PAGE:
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[kahr-puh n-ter-ing] /ˈkɑr pən tər ɪŋ/
the trade or work of a carpenter.
Origin of carpentering
1830-40; carpenter + -ing1


[kahr-puh n-ter] /ˈkɑr pən tər/
a person who builds or repairs wooden structures, as houses, scaffolds, or shelving.
verb (used without object)
to do carpenter's work.
verb (used with object)
to make by carpentry.
to construct (a plot, scene, article, or the like) in a mechanical or unoriginal fashion.
1275-1325; Middle English < Anglo-French < Late Latin carpentārius wainwright, equivalent to Latin carpent(um) two-wheeled carriage (< Celtic; compare Old Irish carpad chariot) + -ārius -ary; see -er2
Related forms
uncarpentered, adjective Unabridged
Based on the Random House Dictionary, © Random House, Inc. 2015.
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Examples from the web for carpentering
  • When his sal ary was not forthcoming lie resorted to bis trade of carpentering to keep the wolf from the door.
  • The best of hobby carpentering or cabinet-making is that you are never quite satisfied with the result yourself.
  • Mario has recovered from his bronchi lis, and amuses himself with carpentering.
British Dictionary definitions for carpentering


a person skilled in woodwork, esp in buildings, ships, etc
(intransitive) to do the work of a carpenter
(transitive) to make or fit together by or as if by carpentry
Word Origin
C14: from Anglo-French, from Latin carpentārius wagon-maker, from carpentum wagon; of Celtic origin


John Alden. 1876–1951, US composer, who used jazz rhythms in orchestral music: his works include the ballet Skyscrapers (1926) and the orchestral suite Adventures in a Perambulator (1915)
Collins English Dictionary - Complete & Unabridged 2012 Digital Edition
© William Collins Sons & Co. Ltd. 1979, 1986 © HarperCollins
Publishers 1998, 2000, 2003, 2005, 2006, 2007, 2009, 2012
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Word Origin and History for carpentering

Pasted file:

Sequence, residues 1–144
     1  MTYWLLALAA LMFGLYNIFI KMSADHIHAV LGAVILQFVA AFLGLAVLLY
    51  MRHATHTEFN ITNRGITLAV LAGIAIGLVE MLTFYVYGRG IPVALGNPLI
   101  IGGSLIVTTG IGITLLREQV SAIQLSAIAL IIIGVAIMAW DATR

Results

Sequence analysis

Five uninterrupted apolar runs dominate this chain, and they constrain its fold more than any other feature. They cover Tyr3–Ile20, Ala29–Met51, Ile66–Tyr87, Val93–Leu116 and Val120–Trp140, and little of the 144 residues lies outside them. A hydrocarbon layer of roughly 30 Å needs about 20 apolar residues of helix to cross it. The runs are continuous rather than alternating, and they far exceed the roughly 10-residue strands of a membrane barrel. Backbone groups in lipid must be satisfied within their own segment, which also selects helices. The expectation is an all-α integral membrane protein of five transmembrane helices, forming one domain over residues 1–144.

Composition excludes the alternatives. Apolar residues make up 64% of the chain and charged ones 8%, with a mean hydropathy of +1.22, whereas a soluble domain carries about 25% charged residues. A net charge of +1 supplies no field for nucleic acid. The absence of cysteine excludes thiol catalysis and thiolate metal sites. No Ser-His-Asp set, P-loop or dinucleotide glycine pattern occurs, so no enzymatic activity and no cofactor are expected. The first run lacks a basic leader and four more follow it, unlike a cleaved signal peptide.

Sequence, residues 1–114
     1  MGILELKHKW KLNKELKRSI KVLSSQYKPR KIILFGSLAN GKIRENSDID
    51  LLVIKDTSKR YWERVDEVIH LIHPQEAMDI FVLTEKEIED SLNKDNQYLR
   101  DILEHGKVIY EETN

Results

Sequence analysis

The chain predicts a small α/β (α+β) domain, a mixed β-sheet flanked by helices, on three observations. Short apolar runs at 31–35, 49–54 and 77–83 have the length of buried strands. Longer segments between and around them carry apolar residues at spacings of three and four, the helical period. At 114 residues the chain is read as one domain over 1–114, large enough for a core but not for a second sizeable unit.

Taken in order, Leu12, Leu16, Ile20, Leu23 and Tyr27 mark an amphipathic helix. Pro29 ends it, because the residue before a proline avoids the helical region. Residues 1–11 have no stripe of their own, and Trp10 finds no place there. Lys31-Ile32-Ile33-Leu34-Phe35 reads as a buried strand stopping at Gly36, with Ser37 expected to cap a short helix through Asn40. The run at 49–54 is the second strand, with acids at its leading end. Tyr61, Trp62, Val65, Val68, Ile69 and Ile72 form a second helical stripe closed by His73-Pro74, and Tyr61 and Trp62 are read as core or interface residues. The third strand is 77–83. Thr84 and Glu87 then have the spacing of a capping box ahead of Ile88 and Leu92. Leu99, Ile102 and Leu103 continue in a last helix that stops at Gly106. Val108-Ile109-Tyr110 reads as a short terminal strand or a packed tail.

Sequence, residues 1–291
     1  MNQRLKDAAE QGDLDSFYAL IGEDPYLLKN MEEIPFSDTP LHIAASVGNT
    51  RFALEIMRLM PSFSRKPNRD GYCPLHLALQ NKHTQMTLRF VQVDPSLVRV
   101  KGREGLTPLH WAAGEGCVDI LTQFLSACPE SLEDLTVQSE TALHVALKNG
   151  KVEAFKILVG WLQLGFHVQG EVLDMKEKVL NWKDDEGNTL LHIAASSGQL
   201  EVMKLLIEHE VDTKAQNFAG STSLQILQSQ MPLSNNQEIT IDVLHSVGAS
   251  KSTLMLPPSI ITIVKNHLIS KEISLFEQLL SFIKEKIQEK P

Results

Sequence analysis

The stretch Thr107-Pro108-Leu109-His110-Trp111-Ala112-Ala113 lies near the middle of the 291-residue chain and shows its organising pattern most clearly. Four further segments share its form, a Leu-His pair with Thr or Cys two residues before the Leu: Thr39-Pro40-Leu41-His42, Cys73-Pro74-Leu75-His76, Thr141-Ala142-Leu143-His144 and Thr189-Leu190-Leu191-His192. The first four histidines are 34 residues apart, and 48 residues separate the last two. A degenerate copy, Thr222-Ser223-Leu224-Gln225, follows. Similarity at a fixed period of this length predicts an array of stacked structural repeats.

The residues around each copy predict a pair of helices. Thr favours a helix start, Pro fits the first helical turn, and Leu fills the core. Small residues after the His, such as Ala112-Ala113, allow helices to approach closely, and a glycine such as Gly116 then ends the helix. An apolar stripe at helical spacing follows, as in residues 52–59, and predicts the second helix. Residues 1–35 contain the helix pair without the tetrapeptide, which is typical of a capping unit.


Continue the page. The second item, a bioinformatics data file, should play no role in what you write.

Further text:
"wood-worker," c.1300 (attested from early 12c. as a surname), from Anglo-French carpenter, Old North French carpentier (Old French and Modern French charpentier), from Late Latin (artifex) carpentarius "wagon (maker)," from Latin carpentum "wagon, two-wheeled carriage, cart," from Gaulish, from Old Celtic *carpentom (cf. Old Irish carpat, Gaelic carbad "carriage"), probably related to Gaulish karros (see car).

Also from the Late Latin word are Spanish carpentero, Italian carpentiero. Replaced Old English treowwyrhta, literally "tree-wright." German Zimmermann "carpenter" is from Old High German zimbarman, from zimbar "wood for building, timber," cognate with Old Norse timbr (see timber). First record of carpenter bee is from 1844.

Online Etymology Dictionary, © 2010 Douglas Harper
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carpentering in the Bible

an artificer in stone, iron, and copper, as well as in wood (2 Sam. 5:11; 1 Chr. 14:1; Mark 6:3). The tools used by carpenters are mentioned in 1 Sam. 13:19, 20; Judg. 4:21; Isa. 10:15; 44:13. It was said of our Lord, "Is not this the carpenter's son?" (Matt. 13:55); also, "Is not this the carpenter?" (Mark 6:3). Every Jew, even the rabbis, learned some handicraft: Paul was a tentmaker. "In the cities the carpenters would be Greeks, and skilled workmen; the carpenter of a provincial village could only have held a very humble position, and secured a very moderate competence."

Easton's 1897 Bible Dictionary
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